SB: Culturally, Newfoundland and Labrador is so very distinct and vibrant, especially when compared to the rest of Canada, and I love that pride of place that the people have here; it isn’t fake, it’s very real and I really relate to it. But no one can deny the evidence of my own crowd in every nook and cranny here. I hear it in people’s turn of phrase, I see it in the family names of folks who’ve lived in certain coves for generations, and I can plainly see the appeal my people had years ago in the rugged landscape. So much of it speaks of home to me.

Newfoundlanders, whether they play an instrument or not, are very musical. Just like home, there’s a rhythm to the accents, a pace of life that takes its time, and deep, deep respect for anyone carrying a fiddle or who can sing something out of the blue. So in saying this, the music community was so inviting of us when we moved here and put down roots. It was pretty much over a pint and a song that we were accepted into the local folk scene and [it] didn’t take long to establish ourselves, collaborate and forge some really deep and close friendships. 

WR: On the other hand, Tiffanie, I’d love to hear about your impressions of the Irish folk scene in comparison to the St. John’s scene. What could we learn from the Emerald Isle?

TG: I loved being involved in the Irish folk scene… I found that people were so welcoming and genuinely interested in the songs you brought forth. I made sure to bring a few NL and even Canadian folk songs to the table… Irish audiences are exceptional in that they will listen closely to the words and the unfolding of a song… They’re also not afraid to tell someone to hush up on the odd occasion when someone is making a racket. You may hear a few “whishts” or “ciúnas” (it means “quiet” in Irish – pronounced cue-ness) amongst the crowd in that case.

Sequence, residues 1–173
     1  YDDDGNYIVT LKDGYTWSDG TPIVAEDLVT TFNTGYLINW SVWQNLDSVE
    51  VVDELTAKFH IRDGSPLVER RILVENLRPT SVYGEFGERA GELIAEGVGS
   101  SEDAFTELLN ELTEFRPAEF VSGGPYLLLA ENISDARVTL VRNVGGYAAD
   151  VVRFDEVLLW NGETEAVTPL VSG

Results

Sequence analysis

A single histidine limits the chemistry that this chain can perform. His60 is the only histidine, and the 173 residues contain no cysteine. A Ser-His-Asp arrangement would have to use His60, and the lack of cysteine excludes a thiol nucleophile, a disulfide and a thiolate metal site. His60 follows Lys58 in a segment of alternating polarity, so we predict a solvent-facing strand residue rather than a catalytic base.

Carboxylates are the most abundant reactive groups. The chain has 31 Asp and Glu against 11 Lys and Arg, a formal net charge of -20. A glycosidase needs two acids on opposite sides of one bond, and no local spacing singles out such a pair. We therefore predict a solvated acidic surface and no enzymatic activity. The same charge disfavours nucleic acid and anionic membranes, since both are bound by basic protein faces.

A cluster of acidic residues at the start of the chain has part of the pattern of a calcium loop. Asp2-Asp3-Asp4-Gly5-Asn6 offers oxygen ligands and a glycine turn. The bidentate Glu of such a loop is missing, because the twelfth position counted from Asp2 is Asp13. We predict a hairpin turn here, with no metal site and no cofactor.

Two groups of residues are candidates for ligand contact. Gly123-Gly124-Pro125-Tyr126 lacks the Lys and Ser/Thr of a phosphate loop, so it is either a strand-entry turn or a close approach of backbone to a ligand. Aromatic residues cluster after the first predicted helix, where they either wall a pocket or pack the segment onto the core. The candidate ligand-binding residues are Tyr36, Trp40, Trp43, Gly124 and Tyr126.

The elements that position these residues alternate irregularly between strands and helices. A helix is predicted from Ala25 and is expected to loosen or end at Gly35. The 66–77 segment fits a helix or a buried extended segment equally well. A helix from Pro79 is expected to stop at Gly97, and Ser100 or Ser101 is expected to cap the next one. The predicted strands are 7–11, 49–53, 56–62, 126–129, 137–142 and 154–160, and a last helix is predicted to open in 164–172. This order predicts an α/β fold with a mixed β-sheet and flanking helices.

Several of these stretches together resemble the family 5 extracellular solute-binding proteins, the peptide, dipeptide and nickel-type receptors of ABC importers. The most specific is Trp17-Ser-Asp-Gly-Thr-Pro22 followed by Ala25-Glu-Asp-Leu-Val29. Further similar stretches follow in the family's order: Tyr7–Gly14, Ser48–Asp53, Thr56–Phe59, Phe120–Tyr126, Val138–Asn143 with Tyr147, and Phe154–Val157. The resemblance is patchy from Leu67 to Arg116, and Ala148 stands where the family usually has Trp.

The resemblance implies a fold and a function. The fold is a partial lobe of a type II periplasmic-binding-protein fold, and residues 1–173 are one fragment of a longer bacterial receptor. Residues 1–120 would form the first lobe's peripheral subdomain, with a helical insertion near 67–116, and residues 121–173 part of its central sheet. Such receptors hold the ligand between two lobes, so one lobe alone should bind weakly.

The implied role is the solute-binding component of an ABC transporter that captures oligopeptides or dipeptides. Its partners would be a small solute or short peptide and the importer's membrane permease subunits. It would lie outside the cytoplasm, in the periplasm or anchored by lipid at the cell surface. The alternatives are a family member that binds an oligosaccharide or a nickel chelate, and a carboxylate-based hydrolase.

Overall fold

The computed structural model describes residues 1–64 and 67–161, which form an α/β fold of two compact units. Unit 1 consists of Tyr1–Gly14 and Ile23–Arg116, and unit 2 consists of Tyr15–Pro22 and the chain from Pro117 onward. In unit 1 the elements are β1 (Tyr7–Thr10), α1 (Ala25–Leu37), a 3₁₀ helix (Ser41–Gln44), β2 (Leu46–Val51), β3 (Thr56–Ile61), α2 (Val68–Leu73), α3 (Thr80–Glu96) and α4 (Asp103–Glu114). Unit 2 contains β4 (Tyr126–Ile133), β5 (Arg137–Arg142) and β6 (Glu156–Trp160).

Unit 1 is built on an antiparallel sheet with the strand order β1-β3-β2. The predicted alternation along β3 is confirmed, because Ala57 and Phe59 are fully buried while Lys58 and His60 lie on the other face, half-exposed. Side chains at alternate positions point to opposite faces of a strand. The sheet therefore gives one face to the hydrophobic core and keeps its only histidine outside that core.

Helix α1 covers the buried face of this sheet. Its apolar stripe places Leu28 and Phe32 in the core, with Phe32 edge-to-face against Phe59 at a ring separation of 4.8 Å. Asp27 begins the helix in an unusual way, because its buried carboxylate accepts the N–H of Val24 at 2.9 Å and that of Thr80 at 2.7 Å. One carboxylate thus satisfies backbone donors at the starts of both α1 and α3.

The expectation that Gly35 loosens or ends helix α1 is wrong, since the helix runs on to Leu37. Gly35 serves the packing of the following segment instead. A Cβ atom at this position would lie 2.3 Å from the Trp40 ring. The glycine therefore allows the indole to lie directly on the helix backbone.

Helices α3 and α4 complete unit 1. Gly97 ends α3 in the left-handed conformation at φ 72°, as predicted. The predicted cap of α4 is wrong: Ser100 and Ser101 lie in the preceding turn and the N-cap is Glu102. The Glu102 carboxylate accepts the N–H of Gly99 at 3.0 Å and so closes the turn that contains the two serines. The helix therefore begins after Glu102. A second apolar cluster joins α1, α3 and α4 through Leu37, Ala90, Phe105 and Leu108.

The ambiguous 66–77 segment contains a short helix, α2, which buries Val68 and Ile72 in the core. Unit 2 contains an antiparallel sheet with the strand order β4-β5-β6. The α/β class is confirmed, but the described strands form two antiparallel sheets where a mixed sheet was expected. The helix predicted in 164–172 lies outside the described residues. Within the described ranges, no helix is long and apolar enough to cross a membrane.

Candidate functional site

WR: What are you hoping 2022 will look like for The Dandelion Few?

TDF: We want to tour, right now, and can’t wait to get out on the road again – specifically further afield in Canada. Get the smell of the house off of us!… With all the recent and frequent lockdowns and restrictions, it’s become increasingly… difficult to generate any kind of a steady income as a musician these last few years – not just for us, but for every musician we know… In the meantime, until we set out again we’ll be locked away working on a new record. Sure, why not?